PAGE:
Judicial vacancies trigger suspension of trials in some parts of New Jersey


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It’s impossible to predict how many trials these suspensions will affect, said Pete McAleer, a spokesperson for the Administrative Office of the Courts. While many trials will face indefinite delays, the courts will still address applications for child support, custody and visitation, McAleer said.

There are currently 69 vacancies throughout the trial courts, Rabner said, more than one out of every six positions statewide. The court system has operated with an average of more than 50 vacancies for the past three years.

“That imposes heightened responsibilities on sitting judges who handle thousands of proceedings and motions each month,” Rabner said. “That situation, along with the effects of the COVID crisis, has contributed to delays in handling individual cases and substantial increases in backlog.”

There are five vacancies out of a total of 20 judicial positions in Vicinage 13 and nine vacancies out of 28 positions in Vicinage 15.

The judiciary prioritizes cases that concern an individual’s liberty, like criminal or juvenile delinquency matters, and cases that present potential emergencies such as domestic violence complaints.

“There are simply not enough judges at this time to conduct civil and matrimonial trials in either vicinage,” Rabner said. “Without additional relief, we may well face the same situation in other vicinages in the near future.”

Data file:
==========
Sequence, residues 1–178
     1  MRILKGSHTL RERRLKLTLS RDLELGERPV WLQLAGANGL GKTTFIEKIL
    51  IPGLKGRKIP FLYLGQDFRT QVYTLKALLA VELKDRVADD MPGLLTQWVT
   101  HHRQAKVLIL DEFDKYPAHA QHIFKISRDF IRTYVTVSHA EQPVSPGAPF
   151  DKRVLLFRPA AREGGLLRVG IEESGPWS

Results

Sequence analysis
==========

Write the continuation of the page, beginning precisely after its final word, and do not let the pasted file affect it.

Jeralyn Lawrence, president of the New Jersey State Bar Association, said the ongoing situation has reached crisis levels. “The court does not operate properly with more than 25 to 30 vacancies,” she said in an interview with POLITICO. “The executive and legislative branches have known about this for months and they’ve done nothing.”

Natalie Hamilton, a spokesperson for Gov. Phil Murphy, said the administration is working to fill the vacancies. “Governor Murphy has remained committed to ensuring vacancies in New Jersey’s courts are filled by highly qualified individuals,” she said. “Since he took office in 2018, 101 judges have been nominated and confirmed, including 45 in the 2022 calendar year.”

Lawrence said the governor is not moving quickly enough.

“The judiciary can’t solve this problem,” Lawrence said. “There’s only two branches of government that can solve this problem. Our governor and our legislature cannot figure out who to put on the bench.”

“Time is of the essence, and it has been of the essence,” Lawrence said. “They shouldn’t work on anything else other than this.”

There is no shortage of qualified candidates for the vacancies, Lawrence added.

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( With inputs from : www.politico.com )

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